Thursday, March 20, 2008

Lost in Translation.

..french is not always better.
Last year, as we entered Montreal, we listened to our neighbors and children's parents at the girl's preschool speak about their feelings on the english schools. Their opinions were strong, and new to the area, in an entirely unfamiliar culture, I felt cornered. Quebec is a french speaking country, however, Montreal is very bilingual. There are two school boards here: French, well funded and highly thought of schools; and English, poorly funded and often dilapidated schools. Within the English school board there are french immersion schools, very high brow among the community I live in, and the english schools, which teach in 80% english and 20% french education. It's a total hierarchy system with the all french schools put high on a pedestal and the english schools somewhere down in the myriad of potholes they have through the city roads.

We were told that the only 80/20 english school in our area would be closing within two years, and among other things, that this same school was not to the same standard of education as other schools. We were told by these same parents that the school was to close within two years because of funding. We weighed the french vs. english debate for months and came to the decision that because of the high quality of school, the english school closing, the opportunity for our girls to learn a 2nd language, and our unknown length of stay debate: we opted for the french immersion program. Little did we know, that in listening to people around us, who we later realized based their decision on the minority make-up of the english school, and the french is better mentality would inevitably make the wrong decision.

The girls entered the immersion program, they had friends from their preschool year in the same class as them, and they seemed to enjoy going to school. But by October, both girls were constantly tired, one of them was consistently wetting herself at school, complaining, and putting their mom through heck after school! I asked to meet with the girl's teacher, but was refused on more than one occasion, as they only met with parents on the scheduled parent/teacher conference dates. When the conference finally came, I was ready to once and for all, find out how they were doing. The meetings were quick and to the point: Cici was doing great and Nini was failing miserably. I talked to them, but the consensus between both teachers was that they are "just" kindergartners. After Christmas break, mid way through January, Nini said something about how the kids in her class make fun of her and she hates french. OK, so I ask her teacher for a meeting and to my surprise she says, "yes". After our meeting, it was clear to me that the decision to put the girls in french immersion was wrong. The teacher said that Nini wasn't learning, she would "space" off in class, and that she didn't understand a word she said. There was work she wasn't finishing, but when I said, why don't you said it home with her, so she can see she needs to finish it - it was as if she hadn't even thought of it.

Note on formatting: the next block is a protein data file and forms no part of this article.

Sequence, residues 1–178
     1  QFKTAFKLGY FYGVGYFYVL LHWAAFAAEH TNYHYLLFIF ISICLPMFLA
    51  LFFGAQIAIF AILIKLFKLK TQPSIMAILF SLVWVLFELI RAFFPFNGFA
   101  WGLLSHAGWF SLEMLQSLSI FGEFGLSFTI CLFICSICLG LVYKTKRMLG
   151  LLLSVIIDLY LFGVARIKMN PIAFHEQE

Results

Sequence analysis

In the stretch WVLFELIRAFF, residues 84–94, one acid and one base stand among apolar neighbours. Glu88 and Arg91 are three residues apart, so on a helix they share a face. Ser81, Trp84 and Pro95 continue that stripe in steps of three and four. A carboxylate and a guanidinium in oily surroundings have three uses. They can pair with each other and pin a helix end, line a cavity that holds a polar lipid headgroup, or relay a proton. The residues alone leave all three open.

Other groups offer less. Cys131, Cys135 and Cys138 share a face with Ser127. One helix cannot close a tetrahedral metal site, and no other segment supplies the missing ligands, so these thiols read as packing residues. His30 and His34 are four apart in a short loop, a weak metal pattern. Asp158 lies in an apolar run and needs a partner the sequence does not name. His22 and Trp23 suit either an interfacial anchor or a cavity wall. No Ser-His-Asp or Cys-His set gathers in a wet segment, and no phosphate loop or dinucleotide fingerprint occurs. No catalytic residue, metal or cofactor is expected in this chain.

In the french immersion program, the children are scolded for speaking french within the classroom. Parents are not allowed to participate in the classroom, or at least, my requests to help were never taken. So poor Nini, could only really speak and be herself during the 30 minutes of recess she had a day. Cici, was being ridiculed by several classmates, but she couldn't retort, because she couldn't use english. While she was learning some french, that's all they were doing - nothing else. There were many tear filled afternoons for an already very anxious and sensitive little girl. It hit me and Craig suddenly that we are not native Quebec, and our chances of staying here longer than another couple years is slim - why did we put them in the immersion program. Learning to say shoulder in french, or name their colors. Most french immersion children, we now know, already knew french from home.

When we finally announced the decision and the girl's last day at the immersion school, we were met with a lot of criticism. But I was quickly validated, when Cici's teacher said that she thought Nini, would really do a great job at the new school. Huh? Why is Cici's teacher telling me this about Nini. I realized that poor Nini had been labeled by the school as a difficult child. And that made my decision all the more validated. To make this very long post a little shorter, we made the decision to pull them out of their school and put them in the english school. We made the transition the Monday after our return from our vacation. The change in my girls has been amazing, especially in Nini. They don't fight as much, or cry as much, they talk to me about their day, and to top it off, we are carpooling with a family, so they get to see their friends everyday. There are cons to this, but I think they are more superficial than educative. Here are a few things I learned through this process:

1. When arriving in a new area, especially country, base your decision on real facts that you tract down yourself. Do not be so certain that your "new friends" have your best interests in mind.
2. When someone says, "they are just kindergartners" realize that they have to say that. If you think there is an issue at school with your child, be proactive, despite the general view they the stage will pass.
3. Don't be afraid to make changes, even when they are argued or thought of us as the wrong changes to make. As soon as we made our decision to change schools, miraculously everyone backed down. I had several people say that they didn't think I was making the right decision.
4. Circumstances change, what is good at one time, may not work later.
5. You know your own child, his/her stresses, actions, and when they have been pushed to their limit. My girls were very unhappy and although this doesn't solve everything - it creates a better environment for overcoming.
I am so caught up in the french vs english debate, I often wish for the days when Quebec wasn't in my vocabulary. But it is, and I have embraced our living here the best I can. My mom said it best, "Michelle, but you are living in a foreign country." Oh, I guess I am.

What are your thoughts?


Jenny said...

I am so glad that you changed schools. That it has worked out for you. I have had many ups and downs just living here in the States. Each state here is different and the schools, parents, children, life styles are different. Like you I trusted someones opinion when placing my son in a local Jr High in Southern CA. When we first moved to the area. Where it was such a big mistake. I realized it when he started shutting down. Moving him to another school helped him so much and I believe save him spiritually. I actually spent a great deal of time praying over it. I am so Glad that you had the strength to make the changes needed and best suited for your girls.

Marie said...